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Jessie Bonstelle

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Jessie Bonstelle
Jessie Bonstelle
Bonstelle in The Great Question (1908)
Born
Laura Justine Bonesteel

November 1871
DiedOctober 14, 1932(1932-10-14) (aged 60)
OccupationTheater manager, director and actress

Laura Justine "Jessie" Bonstelle (November 1871[1][2] – October 14, 1932) was an American theater director, actress, and drama company manager. Encouraged by her mother, she sang and performed in the theater from a young age; she went on to become a famous leading lady and made several performances on Broadway. Later she became a director, managing many stock companies, directing Broadway productions and training many young performers who went on to be famous actors. In 1925 she founded her own theater in Detroit. Reorganized in 1928 as the Detroit Civic Theatre, it was one of America's first civic theaters, and her methods influenced community theater projects elsewhere. She has been described as "one of the pioneering women stage directors in the early twentieth century".[3]

Early life[edit]

Bonstelle was born to Helen and Joseph Bonesteel on her father's farm near the town of Greece, New York, the youngest of their eight children.[4] Her exact date of birth is unknown, and she kept it a secret,[5] but it was sometime in November 1871.[1][3] Originally named Bonesteel, later in life she changed it to Bonstelle after, according to legend,[4] seeing it misspelled like that on a theater marquee.[6]

Bonstelle's mother, who herself had wanted to be an actress, home-schooled her in reading, writing, singing, dancing, and even in reciting Shakespeare. Jessie's first public performance was singing temperance songs in church at the age of two years.[4] Helen gave her daughter a passion for acting by often taking her to theaters in nearby Rochester. Around the age of ten Jessie auditioned for critic Thomas Keane,[3] and with his encouragement she left on tour with a production of Bertha, the Beautiful Sewing Machine Girl, a melodrama. After returning home from California she briefly studied at Nazareth Academy, a convent school in Rochester. In 1886 she returned to the stage, working for local opera house owner Edward D. Stair and touring in his productions.[3][4]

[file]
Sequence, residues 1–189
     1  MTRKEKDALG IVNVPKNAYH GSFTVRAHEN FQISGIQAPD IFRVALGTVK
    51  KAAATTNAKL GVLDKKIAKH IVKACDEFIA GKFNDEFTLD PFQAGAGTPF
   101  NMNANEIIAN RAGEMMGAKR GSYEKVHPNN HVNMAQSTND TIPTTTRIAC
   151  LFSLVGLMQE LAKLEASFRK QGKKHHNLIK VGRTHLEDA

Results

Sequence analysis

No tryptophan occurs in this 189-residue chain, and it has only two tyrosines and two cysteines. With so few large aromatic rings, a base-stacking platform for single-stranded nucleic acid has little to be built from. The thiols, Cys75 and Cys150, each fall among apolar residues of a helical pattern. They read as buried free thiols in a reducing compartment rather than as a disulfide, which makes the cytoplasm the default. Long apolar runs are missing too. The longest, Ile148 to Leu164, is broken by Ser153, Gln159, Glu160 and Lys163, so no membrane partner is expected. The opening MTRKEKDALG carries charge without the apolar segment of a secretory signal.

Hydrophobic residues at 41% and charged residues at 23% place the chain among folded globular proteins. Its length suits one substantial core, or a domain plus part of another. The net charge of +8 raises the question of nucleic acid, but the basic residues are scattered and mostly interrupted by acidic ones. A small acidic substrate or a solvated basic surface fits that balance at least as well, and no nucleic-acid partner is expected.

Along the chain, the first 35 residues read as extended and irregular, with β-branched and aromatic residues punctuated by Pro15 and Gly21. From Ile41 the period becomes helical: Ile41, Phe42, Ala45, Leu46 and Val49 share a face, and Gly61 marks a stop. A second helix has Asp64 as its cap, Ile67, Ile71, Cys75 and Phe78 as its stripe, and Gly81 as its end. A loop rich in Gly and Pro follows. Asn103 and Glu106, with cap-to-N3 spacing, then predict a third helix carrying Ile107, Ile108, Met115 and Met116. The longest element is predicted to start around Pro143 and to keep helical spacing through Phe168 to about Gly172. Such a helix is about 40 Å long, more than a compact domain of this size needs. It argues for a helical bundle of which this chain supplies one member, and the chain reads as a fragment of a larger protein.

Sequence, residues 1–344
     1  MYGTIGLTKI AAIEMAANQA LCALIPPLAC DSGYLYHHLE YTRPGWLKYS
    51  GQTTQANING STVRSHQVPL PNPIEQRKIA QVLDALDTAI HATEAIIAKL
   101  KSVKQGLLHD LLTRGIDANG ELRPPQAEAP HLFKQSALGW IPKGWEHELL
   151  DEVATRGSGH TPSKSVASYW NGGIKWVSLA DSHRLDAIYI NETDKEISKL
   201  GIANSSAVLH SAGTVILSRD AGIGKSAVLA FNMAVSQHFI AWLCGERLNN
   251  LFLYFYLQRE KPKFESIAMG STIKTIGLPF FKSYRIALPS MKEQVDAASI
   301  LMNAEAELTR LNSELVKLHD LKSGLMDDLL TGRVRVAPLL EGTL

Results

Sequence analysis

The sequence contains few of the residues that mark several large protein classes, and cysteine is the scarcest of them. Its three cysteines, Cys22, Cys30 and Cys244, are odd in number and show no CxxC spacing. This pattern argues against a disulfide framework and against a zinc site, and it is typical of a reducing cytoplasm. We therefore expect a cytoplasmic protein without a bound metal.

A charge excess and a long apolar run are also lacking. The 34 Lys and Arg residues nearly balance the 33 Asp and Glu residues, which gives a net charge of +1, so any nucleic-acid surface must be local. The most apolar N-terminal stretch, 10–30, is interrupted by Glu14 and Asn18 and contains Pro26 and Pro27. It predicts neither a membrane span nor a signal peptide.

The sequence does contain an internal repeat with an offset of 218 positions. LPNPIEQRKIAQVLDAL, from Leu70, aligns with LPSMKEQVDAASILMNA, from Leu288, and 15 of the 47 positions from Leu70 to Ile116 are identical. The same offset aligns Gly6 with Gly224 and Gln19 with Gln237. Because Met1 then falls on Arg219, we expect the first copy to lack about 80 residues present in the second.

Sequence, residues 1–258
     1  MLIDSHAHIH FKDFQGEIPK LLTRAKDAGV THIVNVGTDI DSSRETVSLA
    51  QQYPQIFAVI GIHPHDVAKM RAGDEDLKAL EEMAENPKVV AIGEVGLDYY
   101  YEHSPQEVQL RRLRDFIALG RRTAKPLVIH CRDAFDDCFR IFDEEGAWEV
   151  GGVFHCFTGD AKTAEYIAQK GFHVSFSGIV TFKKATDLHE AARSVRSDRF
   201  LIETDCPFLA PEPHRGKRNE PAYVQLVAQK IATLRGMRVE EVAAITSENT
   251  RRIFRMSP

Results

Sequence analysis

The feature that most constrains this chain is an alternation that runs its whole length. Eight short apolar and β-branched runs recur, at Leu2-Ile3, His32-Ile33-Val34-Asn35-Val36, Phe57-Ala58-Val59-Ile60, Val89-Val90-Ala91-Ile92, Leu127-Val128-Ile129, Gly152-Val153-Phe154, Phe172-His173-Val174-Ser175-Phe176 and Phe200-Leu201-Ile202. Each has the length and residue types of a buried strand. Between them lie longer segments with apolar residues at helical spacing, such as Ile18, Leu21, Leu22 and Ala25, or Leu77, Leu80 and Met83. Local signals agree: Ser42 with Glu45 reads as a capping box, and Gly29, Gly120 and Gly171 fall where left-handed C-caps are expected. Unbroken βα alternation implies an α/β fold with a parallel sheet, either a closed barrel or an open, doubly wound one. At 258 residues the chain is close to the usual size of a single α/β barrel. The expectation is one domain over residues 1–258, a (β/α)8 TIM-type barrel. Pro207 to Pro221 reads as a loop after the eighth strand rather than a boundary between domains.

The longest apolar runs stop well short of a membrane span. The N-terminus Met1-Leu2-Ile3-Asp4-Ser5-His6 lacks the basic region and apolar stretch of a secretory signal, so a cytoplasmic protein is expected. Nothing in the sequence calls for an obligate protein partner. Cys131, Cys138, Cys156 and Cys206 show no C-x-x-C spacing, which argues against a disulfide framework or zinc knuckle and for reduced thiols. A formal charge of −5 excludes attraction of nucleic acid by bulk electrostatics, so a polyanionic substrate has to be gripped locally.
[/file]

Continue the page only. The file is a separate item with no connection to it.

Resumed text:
Career[edit]

After the death of her parents in 1890, Bonstelle went to New York City, and in 1891 she joined the company of Fanny Janauschek, with whom she toured for a season. In 1892 she worked as an understudy and chorus member in Augustin Daly's company, but the season left her exhausted. However, in 1893 she married the actor Alexander Hamilton Stuart, 20 years her senior[4] and Janauschek's leading man.[3] Happily married, together they worked in Philadelphia's Forepaugh Stock Company for two years, before moving to Rochester, where Bonstelle played various roles and became an established leading lady.[4] She was the leading lady of Philadelphia's Standard Stock Company during the 1898–99 season. Stuart died in 1911; Bonstelle would never remarry.[3]

Bonstelle performed in three productions on Broadway, including Elizabeth Jordan's The Lady from Oklahoma,[4] which Bonstelle herself produced in 1913. Her acting received mixed or poor reception from New York Times critics,[3] and according to some she "lacked creative depth".[4]

In 1899, while playing with the Biancke Sisters, Bonstelle produced Heimat by Hermann Sudermann. This was its first performance in the United States, and only the second in English. Later she received a letter from Sudermann in which he thanked her for performing his work.[7] Her career as a manager and director began around 1900 when Jacob J. Shubert offered her the management of a stock company in Rochester.[3] This company, the Lyceum stock company, based at Rochester's Lyceum Theater, included some prominent actors and future stars, such as Orrin Johnson, Margaret Wycherly and Charles Hutchison.[7]